Not necessarily, but if you do purchase a new pair, you should do so BEFORE the insert is made. Custom-made shoe inserts called orthotics are fit to your foot and ankle and
to the shoe. Off the shelf, pre-fab models are more forgiving and don't fit as well.
When looking for a shoe that works well with an orthotic watch for the following:
a straight-shaped last (the front part where the main part of your foot goes)
a semi-curved last is also acceptable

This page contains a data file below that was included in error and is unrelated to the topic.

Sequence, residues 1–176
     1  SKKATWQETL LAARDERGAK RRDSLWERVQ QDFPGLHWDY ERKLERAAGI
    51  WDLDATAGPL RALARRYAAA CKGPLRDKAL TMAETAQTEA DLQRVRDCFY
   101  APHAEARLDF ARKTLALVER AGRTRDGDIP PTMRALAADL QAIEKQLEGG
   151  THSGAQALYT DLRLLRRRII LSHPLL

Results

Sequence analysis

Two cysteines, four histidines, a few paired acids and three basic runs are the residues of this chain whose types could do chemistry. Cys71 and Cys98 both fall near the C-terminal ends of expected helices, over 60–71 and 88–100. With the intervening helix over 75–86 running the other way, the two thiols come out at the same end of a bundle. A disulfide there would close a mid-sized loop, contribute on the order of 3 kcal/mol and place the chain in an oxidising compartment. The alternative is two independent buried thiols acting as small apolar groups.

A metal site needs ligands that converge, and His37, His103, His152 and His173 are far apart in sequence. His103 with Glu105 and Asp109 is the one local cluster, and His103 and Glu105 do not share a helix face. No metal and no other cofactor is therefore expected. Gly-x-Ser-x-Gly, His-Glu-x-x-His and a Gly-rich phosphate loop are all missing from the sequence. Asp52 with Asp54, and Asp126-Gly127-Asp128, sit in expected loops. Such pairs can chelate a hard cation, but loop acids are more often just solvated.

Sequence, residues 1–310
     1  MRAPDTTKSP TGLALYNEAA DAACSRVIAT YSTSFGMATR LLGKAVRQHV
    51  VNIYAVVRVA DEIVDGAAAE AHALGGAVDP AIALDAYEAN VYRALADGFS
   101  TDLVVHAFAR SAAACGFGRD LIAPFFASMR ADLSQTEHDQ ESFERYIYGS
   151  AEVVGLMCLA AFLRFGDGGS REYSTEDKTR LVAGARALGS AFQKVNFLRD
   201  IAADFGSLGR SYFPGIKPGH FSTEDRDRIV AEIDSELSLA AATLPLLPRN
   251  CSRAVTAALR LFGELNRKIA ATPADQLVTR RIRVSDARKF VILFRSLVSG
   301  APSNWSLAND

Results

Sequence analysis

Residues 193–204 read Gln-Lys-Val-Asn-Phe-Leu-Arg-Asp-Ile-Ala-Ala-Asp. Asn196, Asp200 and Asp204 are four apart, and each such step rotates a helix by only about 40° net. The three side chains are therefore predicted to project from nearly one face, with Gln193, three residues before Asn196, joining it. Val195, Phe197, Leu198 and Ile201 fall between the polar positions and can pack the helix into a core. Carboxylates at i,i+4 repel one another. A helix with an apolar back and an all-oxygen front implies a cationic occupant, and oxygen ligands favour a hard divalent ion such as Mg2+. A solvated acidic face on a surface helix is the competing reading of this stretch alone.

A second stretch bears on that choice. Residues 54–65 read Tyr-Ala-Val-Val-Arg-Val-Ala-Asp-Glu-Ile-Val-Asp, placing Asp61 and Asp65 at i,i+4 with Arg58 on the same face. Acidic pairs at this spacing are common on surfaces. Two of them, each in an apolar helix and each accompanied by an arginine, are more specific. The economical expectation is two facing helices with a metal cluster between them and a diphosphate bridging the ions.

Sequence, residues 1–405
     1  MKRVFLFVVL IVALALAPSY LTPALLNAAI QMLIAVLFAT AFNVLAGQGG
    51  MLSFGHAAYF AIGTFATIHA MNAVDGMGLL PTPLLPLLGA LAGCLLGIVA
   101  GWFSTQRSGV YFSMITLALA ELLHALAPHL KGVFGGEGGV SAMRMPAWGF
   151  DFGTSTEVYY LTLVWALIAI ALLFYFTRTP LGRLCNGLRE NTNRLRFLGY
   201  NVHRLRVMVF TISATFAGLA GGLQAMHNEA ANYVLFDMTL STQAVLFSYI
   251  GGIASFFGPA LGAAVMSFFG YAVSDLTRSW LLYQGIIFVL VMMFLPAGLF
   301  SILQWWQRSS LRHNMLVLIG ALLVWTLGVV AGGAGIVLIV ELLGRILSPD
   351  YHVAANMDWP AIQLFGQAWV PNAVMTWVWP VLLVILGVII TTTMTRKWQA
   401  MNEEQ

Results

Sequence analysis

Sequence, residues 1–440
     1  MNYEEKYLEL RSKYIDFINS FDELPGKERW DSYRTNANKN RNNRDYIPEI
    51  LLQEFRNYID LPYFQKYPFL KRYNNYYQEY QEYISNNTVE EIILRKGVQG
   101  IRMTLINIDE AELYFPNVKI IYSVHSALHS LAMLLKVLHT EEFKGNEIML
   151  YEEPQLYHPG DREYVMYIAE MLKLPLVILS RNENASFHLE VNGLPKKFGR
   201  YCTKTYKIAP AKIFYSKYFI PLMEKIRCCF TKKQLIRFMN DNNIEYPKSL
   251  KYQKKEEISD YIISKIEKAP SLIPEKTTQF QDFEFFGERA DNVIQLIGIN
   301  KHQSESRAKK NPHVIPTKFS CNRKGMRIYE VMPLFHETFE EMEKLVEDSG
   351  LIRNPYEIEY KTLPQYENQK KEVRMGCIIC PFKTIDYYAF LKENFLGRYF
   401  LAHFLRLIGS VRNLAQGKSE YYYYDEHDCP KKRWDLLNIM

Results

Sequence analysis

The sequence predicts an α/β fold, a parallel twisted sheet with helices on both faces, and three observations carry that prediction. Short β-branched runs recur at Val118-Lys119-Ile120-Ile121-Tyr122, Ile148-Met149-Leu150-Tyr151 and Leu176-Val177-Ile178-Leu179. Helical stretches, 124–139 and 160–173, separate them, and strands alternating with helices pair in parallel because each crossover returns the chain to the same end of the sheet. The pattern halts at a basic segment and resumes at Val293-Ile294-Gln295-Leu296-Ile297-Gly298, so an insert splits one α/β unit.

firm midsole density
firm back portion called the rearfoot (should not be able to bend or twist the heel)
no heel flare: when the shoe is resting on the floor, the entire heel is in contact
with the surface of the floor
Ask your therapist, podiatrist, or orthotist to look at your current shoe wear to see if a new shoe is needed. If your current pair is worn out, ripped, or run down on one side then it's time for a new pair anyway.